Sunday, May 5, 2013

Hi - This is a short blurb about Shadow Across the Liffey that I hope will give you a flavour of what the
book is about. Followed by an excerpt of the book.

Shadow across the Liffey

A gripping story of how family secrets can wreak havoc on the present.

In 60’s Ireland life is hard for widow, Oona Quinn, grief-stricken by the tragic deaths of her husband and five-year-old daughter. Struggling to survive, she meets charismatic Jack Walsh at the Shipping Office.

Vinnie Kelly, her son's biological father, just out of jail, sets out to destroy Oona and all she holds dear. Haunted by her past, she has to fight for her future and the safety of her son, Sean. But Vinnie has revenge on his mind . . .

Exertp from Shadow Across the Liffey

After working her way around the garden, pulling up weeds and tidying the borders, Oona went inside. She used to love this time of the day when Eamon was here to greet her and take her in his arms. She climbed the stairs wearily and was about to look in on Sean when she heard him sobbing. The beat of her heart quickened. She rushed into his room. He was sitting in his blue stripey pyjamas with his back towards her, his head bent over a photograph, his shoulders shaking.
‘Sean, what’s the matter?’ It was the first time she had seen him cry since just before the funeral.
Startled, he turned round. ‘Nuttin’.’ His eyes were red, and he wiped his nose with the back of his hand. He pushed the photo into his drawer and jumped into bed.
‘Sean, sweetheart, I, can I..?’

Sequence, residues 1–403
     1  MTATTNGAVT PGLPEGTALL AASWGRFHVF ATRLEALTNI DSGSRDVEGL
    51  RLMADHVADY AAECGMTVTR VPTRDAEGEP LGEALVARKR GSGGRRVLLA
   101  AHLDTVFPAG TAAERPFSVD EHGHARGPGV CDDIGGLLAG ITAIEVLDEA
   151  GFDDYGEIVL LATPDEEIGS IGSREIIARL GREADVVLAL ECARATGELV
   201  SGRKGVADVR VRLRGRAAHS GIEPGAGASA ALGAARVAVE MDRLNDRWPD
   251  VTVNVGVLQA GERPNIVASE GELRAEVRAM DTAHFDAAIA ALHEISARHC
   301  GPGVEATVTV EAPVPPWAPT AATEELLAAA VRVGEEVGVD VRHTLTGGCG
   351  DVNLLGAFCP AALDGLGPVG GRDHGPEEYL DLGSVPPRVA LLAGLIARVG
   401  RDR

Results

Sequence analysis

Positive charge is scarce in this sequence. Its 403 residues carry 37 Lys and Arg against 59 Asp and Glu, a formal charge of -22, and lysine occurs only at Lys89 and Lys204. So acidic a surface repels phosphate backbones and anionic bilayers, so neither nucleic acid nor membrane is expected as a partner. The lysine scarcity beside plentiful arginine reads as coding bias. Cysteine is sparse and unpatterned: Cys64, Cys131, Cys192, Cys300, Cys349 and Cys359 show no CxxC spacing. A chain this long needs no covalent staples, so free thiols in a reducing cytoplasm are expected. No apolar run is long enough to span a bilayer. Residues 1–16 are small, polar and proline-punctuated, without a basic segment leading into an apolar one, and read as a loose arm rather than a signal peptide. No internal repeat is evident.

He lay half on top of the blue silky eiderdown and, turning onto his side, hid his face with his hands. ‘Go away,’ he mumbled.
‘It’s okay, sweetheart. It’s all right to cry.’ She sat down on the bed, and his textbooks slid off onto the floor. She smoothed the hair sticking up on the back of his head. ‘You know, grown-ups cry, too. I know how much you miss your dad and Jacqueline. So do I.’ He didn’t speak. Swallowing a lump that kept forming in her throat, she stayed motionless, looking down at her only remaining child. He had Vinnie Kelly’s sandy hair and she prayed God that that was all he had inherited.
If he were to discover that Eamon was not his real father, it would destroy him – and her, too. If only she had gone along with her husband’s suggestion to tell him the truth. Instead, she had followed her mother’s advice and left well alone.
When she was sure he was asleep, she gently lifted his legs and placed them beneath the bed covers. Flexing her tired shoulders, she opened the drawer and drew out the photo of Eamon, with Sean, aged three, on his shoulders; both of them smiling happily. A sob caught in her throat.
Sean had only been two when she had met Eamon. He had been such a good father to him, treating him no differently than he did Jacqueline. Tears overwhelmed her. She put the photo back, switched off the lamp and quietly left the room.


Debby said...

So much pain for her. Sounds like an emotional read.
debby236 at gmail dot com

Cathy Mansell said...

Hi Debby, yes, it is in parts, but it is also uplifting. A love story
with lots of thorns along the way.